Figure 1 represents the ROC curve, illustrating the relationship between the sensitivity and specificity of chest radiograph and CT scan, depending on the selected nodule size determined as the positivity threshold.
Whatever the threshold for nodule size, scanner was ever more sensitive but less specific than radiography so that the number of extra false positives associated with the detection of one extra true positive (FP/TP) is high especially for low thresholds such as 2 mm.
At a threshold diameter of 5 mm, divergence between the two techniques is reduced, particularly with regard to specificity, each new lesion detected by CT scan being counter-balanced by only 6.09 further false positive results (FP/TP = 6.09).
This study enables both the quantification and the comparison of the sensitivity and specificity of chest radiograph and CT scan, for screening bronchopulmonary cancer.
Such data are original, since among the many studies dealing with the radiological screening of bronchopulmonary cancer, very few have an equivalent hindsight involving the systematic comparison of these two imaging techniques in the same study population. The superiority of CT scan in terms of sensitivity is confirmed, with a rate of 83.3% against 33.3% for conventional chest radiography, using a positivity threshold of 2 mm for nodule diameter.
Furthermore, we observed that 59.38% of patients considered as suspect on chest radiograph were considered non-suspect on CT scan. This is by no means surprising, since chest radiography involves the projection of all of the thoracic anatomical structures: radiographical nodular images may therefore be related to extrapulmonary structures such as nipple or other skin, muscle, or bone structures. Moreover, the calcified aspect of benign pulmonary nodules, usually identified by CT scan, may well not be recognised by chest radiograph.
One of our study’s most interesting findings is, for the first time to our knowledge, the loss in specificity associated with the gain in sensitivity: according to the chosen threshold size for suspect nodules, the number of extra false positive results for each cancer detected by CT scan varies from 17.58 to 0.20.
A further particularity of this study is the fact that it concerns a cohort of former asbestos-exposed workers: despite recommendations in favour of experimental screening protocols among these populations,20 very few specific studies have been conducted in this specific population.21–24 Patients are highly motivated to discover the consequences of former professional exposure on their health, hence the very low rate of patients lost to follow-up in this study (2.8%), providing almost exhaustive follow-up data.
Our study presents certain limitations.
The ideal theoretical approach for estimating cancer screening performance would be to obtain the disease status for all individuals independently of screening method results. For chest cancer, knowledge on disease status is provided by histology by means of biopsy or puncture. For obvious ethical reasons, it was not possible to collect the same information on disease status for individuals presenting with no abnormalities on CT scan or chest radiograph. The sensitivity and specificity of each test were therefore estimated using interval cancers, using the detection method. As initially evoked by Nick Day,25 interval cancers cannot include slow-growing cancers missed by the test and failing to arise between two screening events (thus overestimating sensitivity). Inversely, interval cancers can include fast-growing cancers not existing at the time of the screening test, but developing in the subsequent 2-year period (thus underestimating sensitivity). This limit is common in screening procedure evaluation and does not invalidate the comparative statistics (RSN, RFP, FP/TP ratio) between two screening tests. Consequently, our study does provide direct comparison of the sensitivity and specificity of the two tests by calculating proper ratios (RSN and RFP) as suggested by Schatzkin and Cheng17 18 and, thus, quantification of the potential gain in sensitivity and loss in specificity obtained by the substitution of radiography by CT scan. This method allowed the calculation of the 95% confidence interval for each ratio, the RSN ratio for the detection of chest cancer probably being underestimated in our study due to the small number of cases.26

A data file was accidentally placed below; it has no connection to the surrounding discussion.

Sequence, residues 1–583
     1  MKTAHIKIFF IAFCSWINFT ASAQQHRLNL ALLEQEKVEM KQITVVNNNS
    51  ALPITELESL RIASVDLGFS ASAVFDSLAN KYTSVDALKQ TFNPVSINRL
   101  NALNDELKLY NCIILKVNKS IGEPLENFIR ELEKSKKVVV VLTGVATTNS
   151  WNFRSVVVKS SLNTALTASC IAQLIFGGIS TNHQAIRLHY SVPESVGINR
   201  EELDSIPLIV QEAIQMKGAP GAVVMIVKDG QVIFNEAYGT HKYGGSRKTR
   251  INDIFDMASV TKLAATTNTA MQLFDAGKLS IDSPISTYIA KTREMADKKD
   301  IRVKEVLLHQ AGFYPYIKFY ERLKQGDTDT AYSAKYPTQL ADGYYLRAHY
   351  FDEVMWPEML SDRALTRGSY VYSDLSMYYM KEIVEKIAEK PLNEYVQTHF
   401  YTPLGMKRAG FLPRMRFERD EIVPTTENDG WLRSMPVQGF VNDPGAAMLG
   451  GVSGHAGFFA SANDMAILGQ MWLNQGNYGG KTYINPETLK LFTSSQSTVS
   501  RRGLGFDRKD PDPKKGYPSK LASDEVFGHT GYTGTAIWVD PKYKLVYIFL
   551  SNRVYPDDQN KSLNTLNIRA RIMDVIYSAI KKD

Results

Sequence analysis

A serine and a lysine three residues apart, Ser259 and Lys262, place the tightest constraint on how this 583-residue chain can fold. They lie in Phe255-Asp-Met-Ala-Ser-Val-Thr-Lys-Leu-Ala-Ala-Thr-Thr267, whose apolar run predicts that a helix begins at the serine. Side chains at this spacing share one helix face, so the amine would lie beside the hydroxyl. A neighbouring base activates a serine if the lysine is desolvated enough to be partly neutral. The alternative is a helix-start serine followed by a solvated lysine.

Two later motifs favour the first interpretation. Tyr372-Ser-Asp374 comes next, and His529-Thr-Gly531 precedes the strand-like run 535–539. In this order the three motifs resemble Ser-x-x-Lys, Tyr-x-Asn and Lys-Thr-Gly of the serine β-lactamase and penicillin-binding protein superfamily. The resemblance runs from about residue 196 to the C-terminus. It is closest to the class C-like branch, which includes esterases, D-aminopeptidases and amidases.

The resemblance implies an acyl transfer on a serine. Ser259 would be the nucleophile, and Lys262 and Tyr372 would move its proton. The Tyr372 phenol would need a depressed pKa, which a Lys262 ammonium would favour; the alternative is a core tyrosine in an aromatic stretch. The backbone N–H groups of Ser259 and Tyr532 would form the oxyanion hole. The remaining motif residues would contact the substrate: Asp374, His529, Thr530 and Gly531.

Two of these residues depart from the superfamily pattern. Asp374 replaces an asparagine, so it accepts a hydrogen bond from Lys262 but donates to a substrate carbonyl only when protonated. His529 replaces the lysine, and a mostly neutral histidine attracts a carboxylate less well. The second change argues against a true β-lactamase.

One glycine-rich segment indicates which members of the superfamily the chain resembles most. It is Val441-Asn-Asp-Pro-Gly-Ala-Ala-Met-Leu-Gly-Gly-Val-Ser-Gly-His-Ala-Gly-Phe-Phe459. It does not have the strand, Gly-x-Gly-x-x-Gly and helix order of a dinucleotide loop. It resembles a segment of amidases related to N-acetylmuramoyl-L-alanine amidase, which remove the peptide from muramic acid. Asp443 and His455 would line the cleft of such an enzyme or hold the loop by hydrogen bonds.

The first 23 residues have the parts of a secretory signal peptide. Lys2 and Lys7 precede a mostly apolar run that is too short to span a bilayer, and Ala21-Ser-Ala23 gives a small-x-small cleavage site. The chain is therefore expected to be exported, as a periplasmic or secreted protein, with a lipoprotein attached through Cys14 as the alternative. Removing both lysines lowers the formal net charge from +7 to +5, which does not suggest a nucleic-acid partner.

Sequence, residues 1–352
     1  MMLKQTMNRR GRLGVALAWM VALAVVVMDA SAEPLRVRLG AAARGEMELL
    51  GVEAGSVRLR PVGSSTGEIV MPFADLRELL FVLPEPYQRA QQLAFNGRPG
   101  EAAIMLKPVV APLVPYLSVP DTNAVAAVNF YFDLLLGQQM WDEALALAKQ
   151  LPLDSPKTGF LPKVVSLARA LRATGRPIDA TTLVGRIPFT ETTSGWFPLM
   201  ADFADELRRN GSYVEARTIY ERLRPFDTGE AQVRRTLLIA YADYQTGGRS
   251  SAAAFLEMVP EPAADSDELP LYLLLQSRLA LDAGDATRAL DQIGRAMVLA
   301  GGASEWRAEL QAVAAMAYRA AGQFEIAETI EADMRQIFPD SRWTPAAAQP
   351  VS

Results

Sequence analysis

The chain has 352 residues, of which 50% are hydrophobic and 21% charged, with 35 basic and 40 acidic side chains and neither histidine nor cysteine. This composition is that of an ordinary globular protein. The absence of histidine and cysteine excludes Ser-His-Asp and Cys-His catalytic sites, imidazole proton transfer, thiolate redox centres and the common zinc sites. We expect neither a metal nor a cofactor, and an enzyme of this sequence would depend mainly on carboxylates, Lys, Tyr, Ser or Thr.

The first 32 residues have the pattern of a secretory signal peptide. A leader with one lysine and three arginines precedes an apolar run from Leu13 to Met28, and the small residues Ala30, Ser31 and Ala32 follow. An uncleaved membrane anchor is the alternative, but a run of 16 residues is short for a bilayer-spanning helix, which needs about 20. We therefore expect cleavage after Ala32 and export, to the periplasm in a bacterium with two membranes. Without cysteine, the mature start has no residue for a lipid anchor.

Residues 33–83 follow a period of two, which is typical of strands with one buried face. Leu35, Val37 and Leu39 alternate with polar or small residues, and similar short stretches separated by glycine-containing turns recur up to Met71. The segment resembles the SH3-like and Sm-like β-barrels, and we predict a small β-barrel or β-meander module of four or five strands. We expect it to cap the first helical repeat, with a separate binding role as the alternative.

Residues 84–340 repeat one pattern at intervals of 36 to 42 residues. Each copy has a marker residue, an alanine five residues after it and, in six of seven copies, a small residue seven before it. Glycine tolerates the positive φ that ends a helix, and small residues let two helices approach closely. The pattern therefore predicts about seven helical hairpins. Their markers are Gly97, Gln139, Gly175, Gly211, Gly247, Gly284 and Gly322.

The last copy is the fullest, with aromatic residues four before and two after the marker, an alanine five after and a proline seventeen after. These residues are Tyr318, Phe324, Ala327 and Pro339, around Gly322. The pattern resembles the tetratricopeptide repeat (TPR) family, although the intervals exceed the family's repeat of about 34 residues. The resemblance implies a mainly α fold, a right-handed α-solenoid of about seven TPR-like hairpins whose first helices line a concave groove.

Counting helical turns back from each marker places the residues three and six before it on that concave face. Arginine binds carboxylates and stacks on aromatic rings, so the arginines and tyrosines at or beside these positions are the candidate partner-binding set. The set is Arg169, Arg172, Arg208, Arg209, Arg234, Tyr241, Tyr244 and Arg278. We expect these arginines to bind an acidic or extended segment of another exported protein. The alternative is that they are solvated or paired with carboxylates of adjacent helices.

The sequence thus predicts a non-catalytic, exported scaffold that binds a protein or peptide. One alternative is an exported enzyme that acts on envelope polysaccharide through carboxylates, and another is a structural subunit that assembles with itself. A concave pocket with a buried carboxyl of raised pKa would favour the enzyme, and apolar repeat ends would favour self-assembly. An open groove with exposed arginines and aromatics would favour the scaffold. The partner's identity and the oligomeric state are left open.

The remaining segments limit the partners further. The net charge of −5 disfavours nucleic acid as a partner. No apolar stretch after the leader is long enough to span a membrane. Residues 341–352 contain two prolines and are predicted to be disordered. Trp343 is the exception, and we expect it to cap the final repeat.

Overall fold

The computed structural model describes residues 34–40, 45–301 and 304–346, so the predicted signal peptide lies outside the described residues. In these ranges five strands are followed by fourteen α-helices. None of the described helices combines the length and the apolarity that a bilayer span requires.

The relatively low size of the study population reduces its statistical power, hence the increased confidence intervals.
In our study, diagnostic statistics were calculated using the “screening procedure” as the unit of analysis rather than the “individual”. Hence, certain individuals are counted more than once (although cancers are not). This may induce a non-independence effect in the interpretation of results.
A differential verification bias could be evoked, since no tomodensitometric follow-up was implemented for nodules detected by chest radiograph but non-confirmed by initial CT scan. However, since tomodensitometric follow-up was similar independently of the imaging technique having detected the nodule, and was only stopped upon the scanographic disappearance of the initially detected lesion, such bias is improbable.
Finally, the use of monoslice CT scanners, the standard reference at the onset of our study, may appear somewhat obsolete, given the rapid progress in imaging techniques. Nevertheless, the sensitivity and specificity data reported in this study, hitherto unpublished in literature, will provide a useful reference for the evaluation of modern tomodensitometric techniques, yet to be published, for the screening of bronchopulmonary cancers.